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Iran calls for compensation for Gibraltar tanker seizure

Iranian officials have welcomed the release of the Iranian tanker seized by the UK.
A crew member takes pictures with a mobile phone on Iranian oil tanker Adrian Darya 1, previously named Grace 1, as it sits anchored after the Supreme Court of the British territory lifted its detention order, in the Strait of Gibraltar, Spain, August 18, 2019. REUTERS/Jon Nazca     TPX IMAGES OF THE DAY - RC1491345A00

The Iranian tanker seized by the United Kingdom off of the coast of Gibraltar has been released despite US objections.

The UK had originally seized the Iranian tanker, called Grace 1, after claiming that the ship was headed to Syria, a country under EU sanctions. In response, Iran seized a UK tanker in the Persian Gulf for “shipping violations” while traveling through the Strait of Hormuz. After the UK released the Iranian tanker, the United States issued a warrant for the tanker. According to Chief Minister of Gibraltar Fabian Picardo, the tanker is now headed for Greece, though Iran stated that the "cargo on board will not be made available to any EU-sanctioned entity." 

Mohammad Bagheri, chief of staff of Iran’s armed forces, was one of the first Iranian officials to react after the release of Grace 1, which was renamed Adrian Darya after its release. Bagheri compared the freeing of the Iranian tanker to Iran’s downing of a US drone that Iran had claimed violated Iranian territory and the Iranian seizure of the British tanker. He claimed that these events “show that the Islamic Republic is moving toward its goals with strength.”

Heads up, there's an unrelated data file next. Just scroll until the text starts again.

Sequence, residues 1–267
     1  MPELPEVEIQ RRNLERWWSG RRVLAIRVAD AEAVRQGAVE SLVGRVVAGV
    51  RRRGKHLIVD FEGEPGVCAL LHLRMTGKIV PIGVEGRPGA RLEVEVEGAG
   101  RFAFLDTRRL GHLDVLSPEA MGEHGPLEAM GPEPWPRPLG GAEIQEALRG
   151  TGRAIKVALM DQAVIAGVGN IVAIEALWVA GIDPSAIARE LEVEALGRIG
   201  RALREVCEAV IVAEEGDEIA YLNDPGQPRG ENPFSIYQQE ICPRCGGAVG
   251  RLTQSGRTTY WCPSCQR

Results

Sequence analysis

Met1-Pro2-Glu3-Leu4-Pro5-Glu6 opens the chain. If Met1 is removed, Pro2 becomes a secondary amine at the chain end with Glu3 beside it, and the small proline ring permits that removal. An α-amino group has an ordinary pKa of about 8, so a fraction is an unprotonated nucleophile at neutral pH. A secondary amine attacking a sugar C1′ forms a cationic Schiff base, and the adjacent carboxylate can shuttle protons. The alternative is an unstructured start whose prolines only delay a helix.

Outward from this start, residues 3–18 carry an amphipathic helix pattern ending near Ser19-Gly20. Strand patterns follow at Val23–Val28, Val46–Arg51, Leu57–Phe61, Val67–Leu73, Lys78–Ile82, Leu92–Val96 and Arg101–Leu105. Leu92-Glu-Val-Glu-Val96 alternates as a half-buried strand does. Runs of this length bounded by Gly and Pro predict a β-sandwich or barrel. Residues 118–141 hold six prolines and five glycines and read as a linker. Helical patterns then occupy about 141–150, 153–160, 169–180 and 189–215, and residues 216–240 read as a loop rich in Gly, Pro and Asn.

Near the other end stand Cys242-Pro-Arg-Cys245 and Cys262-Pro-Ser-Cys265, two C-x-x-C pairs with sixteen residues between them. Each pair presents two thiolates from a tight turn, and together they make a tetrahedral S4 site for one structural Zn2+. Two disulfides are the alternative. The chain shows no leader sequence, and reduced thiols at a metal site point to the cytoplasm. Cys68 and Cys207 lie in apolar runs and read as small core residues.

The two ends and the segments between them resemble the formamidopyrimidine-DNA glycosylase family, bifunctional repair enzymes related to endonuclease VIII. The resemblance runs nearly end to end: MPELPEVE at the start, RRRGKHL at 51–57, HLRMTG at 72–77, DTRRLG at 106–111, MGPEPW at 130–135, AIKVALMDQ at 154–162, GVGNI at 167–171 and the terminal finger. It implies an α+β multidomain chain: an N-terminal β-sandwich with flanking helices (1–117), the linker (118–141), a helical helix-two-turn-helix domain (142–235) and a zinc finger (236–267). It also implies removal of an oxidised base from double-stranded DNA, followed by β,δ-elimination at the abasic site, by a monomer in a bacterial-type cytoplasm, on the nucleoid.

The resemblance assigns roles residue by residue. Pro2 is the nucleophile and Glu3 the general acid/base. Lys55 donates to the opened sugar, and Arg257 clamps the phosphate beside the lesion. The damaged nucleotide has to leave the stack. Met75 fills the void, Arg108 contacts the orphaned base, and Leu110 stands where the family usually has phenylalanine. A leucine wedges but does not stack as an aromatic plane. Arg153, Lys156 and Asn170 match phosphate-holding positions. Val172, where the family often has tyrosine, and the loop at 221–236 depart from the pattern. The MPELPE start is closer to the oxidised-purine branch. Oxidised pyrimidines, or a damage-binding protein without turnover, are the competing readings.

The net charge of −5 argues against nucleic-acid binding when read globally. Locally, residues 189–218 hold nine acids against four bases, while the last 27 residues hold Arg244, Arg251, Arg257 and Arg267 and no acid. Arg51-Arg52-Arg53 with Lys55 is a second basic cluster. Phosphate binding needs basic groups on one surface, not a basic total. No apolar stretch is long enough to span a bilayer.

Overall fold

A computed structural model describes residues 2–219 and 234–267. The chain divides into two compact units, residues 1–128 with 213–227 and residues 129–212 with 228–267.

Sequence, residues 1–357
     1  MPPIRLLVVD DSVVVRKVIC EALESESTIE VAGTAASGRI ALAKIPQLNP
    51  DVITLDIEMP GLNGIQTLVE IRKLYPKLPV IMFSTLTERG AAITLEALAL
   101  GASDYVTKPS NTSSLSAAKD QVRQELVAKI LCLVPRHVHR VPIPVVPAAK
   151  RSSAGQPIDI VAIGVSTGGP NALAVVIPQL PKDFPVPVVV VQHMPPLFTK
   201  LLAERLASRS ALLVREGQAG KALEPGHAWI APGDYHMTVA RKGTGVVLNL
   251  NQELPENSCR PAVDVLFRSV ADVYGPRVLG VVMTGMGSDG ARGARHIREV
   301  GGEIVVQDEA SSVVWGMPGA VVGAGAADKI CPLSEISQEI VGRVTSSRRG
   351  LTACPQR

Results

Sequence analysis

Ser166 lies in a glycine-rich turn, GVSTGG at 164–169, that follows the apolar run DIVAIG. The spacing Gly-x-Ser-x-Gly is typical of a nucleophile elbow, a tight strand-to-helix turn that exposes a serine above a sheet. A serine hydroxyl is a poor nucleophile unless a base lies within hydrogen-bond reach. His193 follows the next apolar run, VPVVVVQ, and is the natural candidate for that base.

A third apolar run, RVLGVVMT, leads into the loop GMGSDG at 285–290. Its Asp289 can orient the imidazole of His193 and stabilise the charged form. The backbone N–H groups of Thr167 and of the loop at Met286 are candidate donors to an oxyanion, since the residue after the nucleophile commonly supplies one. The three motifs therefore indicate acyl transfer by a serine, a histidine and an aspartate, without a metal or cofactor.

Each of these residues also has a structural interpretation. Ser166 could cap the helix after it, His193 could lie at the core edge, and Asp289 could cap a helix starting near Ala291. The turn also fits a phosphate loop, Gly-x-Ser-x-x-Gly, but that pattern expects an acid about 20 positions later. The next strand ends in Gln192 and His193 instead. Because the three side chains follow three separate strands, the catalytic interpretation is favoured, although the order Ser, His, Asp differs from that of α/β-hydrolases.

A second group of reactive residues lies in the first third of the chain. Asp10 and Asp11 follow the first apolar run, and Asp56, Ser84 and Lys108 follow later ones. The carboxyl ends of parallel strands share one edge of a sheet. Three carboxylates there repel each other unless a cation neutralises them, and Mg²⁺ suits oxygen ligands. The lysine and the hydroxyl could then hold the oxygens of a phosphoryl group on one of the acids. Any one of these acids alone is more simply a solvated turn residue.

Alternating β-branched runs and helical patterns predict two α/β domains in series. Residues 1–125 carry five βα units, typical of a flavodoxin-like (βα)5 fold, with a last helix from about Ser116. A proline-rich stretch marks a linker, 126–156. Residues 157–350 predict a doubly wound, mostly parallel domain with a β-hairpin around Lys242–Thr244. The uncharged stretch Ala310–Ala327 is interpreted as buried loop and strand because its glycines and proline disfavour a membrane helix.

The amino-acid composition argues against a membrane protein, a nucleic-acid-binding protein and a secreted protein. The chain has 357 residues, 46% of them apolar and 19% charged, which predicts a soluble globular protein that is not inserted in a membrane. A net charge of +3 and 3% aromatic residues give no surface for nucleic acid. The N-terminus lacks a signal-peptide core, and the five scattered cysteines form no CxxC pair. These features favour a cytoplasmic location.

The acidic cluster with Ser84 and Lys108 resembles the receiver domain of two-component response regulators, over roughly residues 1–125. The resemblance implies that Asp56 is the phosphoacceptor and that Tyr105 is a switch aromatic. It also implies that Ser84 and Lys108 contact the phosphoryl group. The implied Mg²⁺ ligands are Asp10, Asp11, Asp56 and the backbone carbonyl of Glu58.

The head of Iran’s judiciary, Ebrahim Raisi, who has been weighing in on national and international issues more and more recently, said that the release of the Iranian tanker was not enough. “The amount [of time] that it was seized will not be compensated just by it being freed,” Raisi said. “Damages must be paid so that it becomes a lesson for all those who act contrary to international regulations.”

Iran argued that the UK’s reason for confiscation was not valid. While Syria is an EU-sanctioned country, Iran is not a member of the EU and therefore its sanctions do not apply to them. Iran’s Foreign Minister Mohammad Javad Zarif at one point claimed that the tanker was never headed to Syria. Yet he would not confirm where it was headed.

Iran’s Foreign Ministry spokesman Abbas Mousavi denied Aug. 19 that the UK tanker seizure was related to the Iranian tanker seizure. “From the beginning we stated that this tanker was not related to Adrian Darya,” he said. Upon the release of the Iranian tanker, Mousavi said, “We are happy that our position on the unlawful and illegal seizure was proven.” He continued, “We have to wait for the court ruling to be issued on the UK tanker. This ship had two, three shipping violations which are being investigated.”

For Iranian officials, the release of the tanker is viewed as a victory. An article in conservative Jahan news, which is close to the Islamic Revolutionary Guard Corps (IRGC), wrote that the UK was talked into seizing the Iranian tanker by the United States since Iran had shown softness in violations to the Joint Comprehensive Plan of Action, which the United States exited in 2018 and Iran is still complying with. The article stated that the seizure of the UK tanker by the IRGC forced the UK to retreat from conflict in the Persian Gulf with Iran despite US pressure to continue.

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